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My Radio King clone. 7 x 14 Vaughncraft shell. I didn't build it originally. I changed the Trick throw to a chrome version and added Gretsch 302 hoops after I got it.

The second picture is one of my 7 x 14 Valley Drum Shop snares from ~1980. Passed around a few times before I bought it.

Lastly, my Inde Drum Lab snare, 6.5 x 14 with brass hoops.
that Radio king clone is Gorgeous!

someday I’ll get to finishing this

EC66802C-4A5D-446B-8D48-0A20618C81A3.jpeg
 

lawsater

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5x14 1/4 sawn bubinga stave snare - the shell was made by Frankie at Unix I did the bearing edges drilling and beds, i tried to use the minimum number of finish coats i could and only 1 coat of tung oil to seal the interior. This is my main studio snare it is really versatile nice to play and great sounding.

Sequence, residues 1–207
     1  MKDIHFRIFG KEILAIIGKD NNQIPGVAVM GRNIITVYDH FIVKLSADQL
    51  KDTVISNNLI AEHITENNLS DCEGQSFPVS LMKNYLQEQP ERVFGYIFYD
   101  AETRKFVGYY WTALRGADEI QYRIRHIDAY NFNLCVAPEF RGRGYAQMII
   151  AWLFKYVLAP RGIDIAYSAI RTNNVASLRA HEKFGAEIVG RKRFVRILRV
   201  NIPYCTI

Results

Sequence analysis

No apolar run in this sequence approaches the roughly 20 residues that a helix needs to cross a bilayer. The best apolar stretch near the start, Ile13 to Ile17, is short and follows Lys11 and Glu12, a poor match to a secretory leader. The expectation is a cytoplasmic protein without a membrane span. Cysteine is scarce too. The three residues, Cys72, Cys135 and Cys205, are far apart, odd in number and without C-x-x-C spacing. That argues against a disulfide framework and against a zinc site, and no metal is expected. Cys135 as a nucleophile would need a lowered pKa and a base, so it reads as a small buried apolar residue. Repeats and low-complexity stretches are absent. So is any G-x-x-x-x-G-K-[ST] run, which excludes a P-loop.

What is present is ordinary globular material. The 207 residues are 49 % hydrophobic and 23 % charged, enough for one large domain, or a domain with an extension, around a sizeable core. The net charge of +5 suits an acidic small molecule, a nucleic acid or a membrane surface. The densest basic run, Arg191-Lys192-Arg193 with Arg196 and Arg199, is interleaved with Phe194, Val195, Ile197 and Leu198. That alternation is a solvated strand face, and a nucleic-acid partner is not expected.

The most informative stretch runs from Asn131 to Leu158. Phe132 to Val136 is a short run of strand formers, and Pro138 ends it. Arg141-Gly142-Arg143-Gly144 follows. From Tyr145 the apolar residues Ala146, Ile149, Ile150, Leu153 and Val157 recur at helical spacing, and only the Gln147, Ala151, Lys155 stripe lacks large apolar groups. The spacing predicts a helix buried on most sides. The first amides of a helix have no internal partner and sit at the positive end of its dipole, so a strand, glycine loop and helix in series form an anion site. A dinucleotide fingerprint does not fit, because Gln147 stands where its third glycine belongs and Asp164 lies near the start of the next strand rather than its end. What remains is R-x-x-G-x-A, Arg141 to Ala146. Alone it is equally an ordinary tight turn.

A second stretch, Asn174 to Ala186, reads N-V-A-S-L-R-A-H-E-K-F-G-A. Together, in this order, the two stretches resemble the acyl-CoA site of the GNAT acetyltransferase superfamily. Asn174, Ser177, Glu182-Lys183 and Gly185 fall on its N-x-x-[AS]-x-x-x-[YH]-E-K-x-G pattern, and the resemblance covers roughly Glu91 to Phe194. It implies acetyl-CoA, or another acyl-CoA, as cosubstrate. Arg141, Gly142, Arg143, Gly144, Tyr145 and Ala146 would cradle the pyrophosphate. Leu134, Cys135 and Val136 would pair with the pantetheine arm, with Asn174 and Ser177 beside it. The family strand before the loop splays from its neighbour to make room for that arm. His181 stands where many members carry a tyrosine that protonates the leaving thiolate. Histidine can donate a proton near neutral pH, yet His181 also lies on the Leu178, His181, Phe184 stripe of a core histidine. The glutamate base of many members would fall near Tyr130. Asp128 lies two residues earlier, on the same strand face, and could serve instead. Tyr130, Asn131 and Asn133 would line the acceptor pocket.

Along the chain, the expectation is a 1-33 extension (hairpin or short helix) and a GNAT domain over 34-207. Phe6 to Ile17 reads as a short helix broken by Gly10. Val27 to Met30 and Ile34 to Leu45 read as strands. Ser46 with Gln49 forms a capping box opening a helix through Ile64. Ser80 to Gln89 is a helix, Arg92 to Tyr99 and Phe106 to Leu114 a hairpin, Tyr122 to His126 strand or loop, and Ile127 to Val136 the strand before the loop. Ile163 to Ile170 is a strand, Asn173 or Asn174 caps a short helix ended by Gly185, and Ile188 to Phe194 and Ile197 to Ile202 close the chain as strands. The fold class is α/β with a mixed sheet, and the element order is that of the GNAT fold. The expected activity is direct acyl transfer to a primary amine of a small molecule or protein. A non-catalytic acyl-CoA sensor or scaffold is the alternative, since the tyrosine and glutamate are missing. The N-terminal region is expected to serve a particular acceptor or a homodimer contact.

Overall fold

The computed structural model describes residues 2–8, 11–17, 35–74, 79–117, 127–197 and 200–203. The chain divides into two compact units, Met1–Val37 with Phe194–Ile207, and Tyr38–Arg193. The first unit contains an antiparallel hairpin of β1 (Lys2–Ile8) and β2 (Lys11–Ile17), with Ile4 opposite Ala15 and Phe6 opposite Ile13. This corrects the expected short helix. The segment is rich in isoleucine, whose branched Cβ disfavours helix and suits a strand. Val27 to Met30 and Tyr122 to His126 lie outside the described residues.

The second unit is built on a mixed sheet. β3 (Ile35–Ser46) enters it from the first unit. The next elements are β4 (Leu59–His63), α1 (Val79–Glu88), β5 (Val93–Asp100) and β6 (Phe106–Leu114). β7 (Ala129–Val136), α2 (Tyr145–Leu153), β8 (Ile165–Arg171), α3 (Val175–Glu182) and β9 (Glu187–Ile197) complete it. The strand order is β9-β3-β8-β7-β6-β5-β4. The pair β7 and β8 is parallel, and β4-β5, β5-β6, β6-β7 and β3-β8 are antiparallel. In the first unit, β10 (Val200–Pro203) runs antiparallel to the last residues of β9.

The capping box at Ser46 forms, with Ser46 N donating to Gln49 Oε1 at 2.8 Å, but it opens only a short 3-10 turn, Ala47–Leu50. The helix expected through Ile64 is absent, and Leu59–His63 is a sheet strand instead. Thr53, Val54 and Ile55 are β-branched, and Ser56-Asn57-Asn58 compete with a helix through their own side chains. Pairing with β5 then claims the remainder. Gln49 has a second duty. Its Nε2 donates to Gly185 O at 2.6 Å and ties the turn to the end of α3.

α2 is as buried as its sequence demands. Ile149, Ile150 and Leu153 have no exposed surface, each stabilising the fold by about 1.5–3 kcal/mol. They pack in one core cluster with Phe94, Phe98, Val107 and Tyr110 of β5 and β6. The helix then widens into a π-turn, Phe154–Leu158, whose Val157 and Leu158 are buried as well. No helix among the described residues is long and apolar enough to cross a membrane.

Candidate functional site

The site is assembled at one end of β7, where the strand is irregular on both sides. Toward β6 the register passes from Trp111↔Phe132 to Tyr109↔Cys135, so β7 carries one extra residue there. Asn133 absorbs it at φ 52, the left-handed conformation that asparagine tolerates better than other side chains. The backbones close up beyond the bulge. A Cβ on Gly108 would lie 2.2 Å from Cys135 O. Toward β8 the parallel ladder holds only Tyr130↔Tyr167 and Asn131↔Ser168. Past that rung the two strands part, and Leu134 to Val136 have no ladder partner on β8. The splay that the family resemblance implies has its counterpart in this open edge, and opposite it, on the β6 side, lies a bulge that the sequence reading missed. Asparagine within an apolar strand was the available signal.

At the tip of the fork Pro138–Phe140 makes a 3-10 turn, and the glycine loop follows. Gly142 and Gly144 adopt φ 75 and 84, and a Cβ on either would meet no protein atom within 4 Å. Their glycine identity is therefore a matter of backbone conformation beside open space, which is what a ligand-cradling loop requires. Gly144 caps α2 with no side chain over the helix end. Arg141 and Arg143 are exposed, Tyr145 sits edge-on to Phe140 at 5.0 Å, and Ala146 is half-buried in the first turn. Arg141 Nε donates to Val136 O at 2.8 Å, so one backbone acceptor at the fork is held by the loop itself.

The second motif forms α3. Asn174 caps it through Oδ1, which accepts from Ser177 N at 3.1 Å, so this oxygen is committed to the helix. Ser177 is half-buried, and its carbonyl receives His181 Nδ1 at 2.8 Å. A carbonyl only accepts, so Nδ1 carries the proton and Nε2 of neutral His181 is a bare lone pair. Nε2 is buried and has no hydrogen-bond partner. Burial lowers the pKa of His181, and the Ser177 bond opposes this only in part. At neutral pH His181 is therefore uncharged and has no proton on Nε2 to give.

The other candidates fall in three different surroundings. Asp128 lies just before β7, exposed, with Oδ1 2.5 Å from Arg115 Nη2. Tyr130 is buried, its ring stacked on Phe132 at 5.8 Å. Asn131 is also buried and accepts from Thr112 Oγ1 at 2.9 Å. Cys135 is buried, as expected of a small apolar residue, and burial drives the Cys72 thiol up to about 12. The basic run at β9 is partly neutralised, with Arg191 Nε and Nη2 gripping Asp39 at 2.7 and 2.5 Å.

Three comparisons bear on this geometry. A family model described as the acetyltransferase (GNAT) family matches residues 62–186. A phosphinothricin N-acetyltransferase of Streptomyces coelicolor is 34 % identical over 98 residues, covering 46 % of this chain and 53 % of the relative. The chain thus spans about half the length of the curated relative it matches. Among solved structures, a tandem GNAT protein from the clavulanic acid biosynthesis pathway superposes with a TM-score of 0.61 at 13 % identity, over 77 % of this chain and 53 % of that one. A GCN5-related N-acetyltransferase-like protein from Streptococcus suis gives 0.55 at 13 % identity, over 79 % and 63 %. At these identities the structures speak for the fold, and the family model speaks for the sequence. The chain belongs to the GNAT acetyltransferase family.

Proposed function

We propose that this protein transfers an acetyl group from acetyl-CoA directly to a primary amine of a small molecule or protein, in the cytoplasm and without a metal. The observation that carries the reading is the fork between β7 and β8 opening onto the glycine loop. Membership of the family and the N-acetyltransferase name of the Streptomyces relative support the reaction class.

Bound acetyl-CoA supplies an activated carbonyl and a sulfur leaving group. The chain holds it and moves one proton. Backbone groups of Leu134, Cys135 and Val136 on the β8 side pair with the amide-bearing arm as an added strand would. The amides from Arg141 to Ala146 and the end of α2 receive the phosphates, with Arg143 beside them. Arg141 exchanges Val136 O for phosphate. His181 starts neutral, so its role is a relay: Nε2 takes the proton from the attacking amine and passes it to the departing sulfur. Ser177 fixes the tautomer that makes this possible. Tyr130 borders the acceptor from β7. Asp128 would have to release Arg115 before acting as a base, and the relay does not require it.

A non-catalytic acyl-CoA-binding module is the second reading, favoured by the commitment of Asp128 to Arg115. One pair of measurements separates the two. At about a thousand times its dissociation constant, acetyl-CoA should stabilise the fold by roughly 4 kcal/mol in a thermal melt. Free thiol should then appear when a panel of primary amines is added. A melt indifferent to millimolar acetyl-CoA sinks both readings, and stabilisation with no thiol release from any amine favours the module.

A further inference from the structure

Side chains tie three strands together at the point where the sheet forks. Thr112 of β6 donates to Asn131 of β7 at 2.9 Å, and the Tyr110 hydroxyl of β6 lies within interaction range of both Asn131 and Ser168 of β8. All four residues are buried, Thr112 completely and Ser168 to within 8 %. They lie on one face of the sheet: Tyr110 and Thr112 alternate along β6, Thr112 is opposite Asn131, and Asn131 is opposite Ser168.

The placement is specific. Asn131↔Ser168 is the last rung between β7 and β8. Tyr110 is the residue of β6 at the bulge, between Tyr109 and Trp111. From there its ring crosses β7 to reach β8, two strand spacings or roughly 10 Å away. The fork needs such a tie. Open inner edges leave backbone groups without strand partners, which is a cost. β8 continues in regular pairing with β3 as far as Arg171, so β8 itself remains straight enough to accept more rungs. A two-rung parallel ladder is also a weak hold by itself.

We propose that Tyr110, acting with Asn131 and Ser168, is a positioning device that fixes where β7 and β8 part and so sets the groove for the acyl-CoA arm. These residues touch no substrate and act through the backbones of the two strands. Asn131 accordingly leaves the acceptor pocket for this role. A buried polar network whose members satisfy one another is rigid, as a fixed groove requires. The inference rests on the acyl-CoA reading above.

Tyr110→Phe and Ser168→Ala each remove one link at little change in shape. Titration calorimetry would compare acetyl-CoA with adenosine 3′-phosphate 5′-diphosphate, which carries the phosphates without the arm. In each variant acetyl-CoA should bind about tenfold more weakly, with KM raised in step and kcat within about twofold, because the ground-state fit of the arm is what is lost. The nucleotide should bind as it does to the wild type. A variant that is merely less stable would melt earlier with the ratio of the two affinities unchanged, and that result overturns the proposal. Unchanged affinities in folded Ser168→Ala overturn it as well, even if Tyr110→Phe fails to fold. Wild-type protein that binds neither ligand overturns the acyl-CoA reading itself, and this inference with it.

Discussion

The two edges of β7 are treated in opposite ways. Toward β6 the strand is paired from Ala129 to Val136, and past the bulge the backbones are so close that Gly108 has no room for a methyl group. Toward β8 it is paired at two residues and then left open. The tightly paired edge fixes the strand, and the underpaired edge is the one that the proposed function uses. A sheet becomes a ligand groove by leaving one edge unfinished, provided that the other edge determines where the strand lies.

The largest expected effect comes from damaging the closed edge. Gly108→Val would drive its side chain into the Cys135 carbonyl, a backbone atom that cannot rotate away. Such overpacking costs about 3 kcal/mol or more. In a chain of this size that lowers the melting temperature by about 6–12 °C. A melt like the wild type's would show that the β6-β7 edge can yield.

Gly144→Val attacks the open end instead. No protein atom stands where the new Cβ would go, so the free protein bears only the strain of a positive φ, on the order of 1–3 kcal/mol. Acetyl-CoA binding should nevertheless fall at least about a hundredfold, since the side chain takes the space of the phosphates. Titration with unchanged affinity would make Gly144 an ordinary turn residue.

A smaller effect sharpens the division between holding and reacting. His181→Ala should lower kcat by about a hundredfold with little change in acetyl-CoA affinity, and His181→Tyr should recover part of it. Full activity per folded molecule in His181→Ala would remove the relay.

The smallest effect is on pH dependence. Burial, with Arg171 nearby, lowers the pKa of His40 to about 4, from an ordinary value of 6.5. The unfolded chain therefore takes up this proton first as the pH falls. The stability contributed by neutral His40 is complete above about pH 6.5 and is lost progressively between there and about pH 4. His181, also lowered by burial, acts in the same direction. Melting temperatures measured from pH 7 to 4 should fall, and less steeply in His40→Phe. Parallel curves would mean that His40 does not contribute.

IMG_3264crop.jpg
 

REF

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Wow, Ray!
Looks like you've finished making the trashcan set.
Could you please elaborate on the build process, sizes and sound?
Yeah, finished them awhile back and they've been sitting around so, thought I'd set them up. I wanted to try this back in the 90's. Just never did.

The purpose was to add another video to the drum shell series. Trash cans don't come in anything that meets "hype" criteria. Obviously no structural integrity at 1 or 2mm thick. No bearing edges; just rolled over tops and a crimped bottom edge. I did file anything that felt sharp.

I just took a jig saw and cut out the bottoms. I looked online and someone does sell a trash can drum. I think he's in Ohio or Indiana or one of the central states. Nice guy. He leaves the metal bottom in place.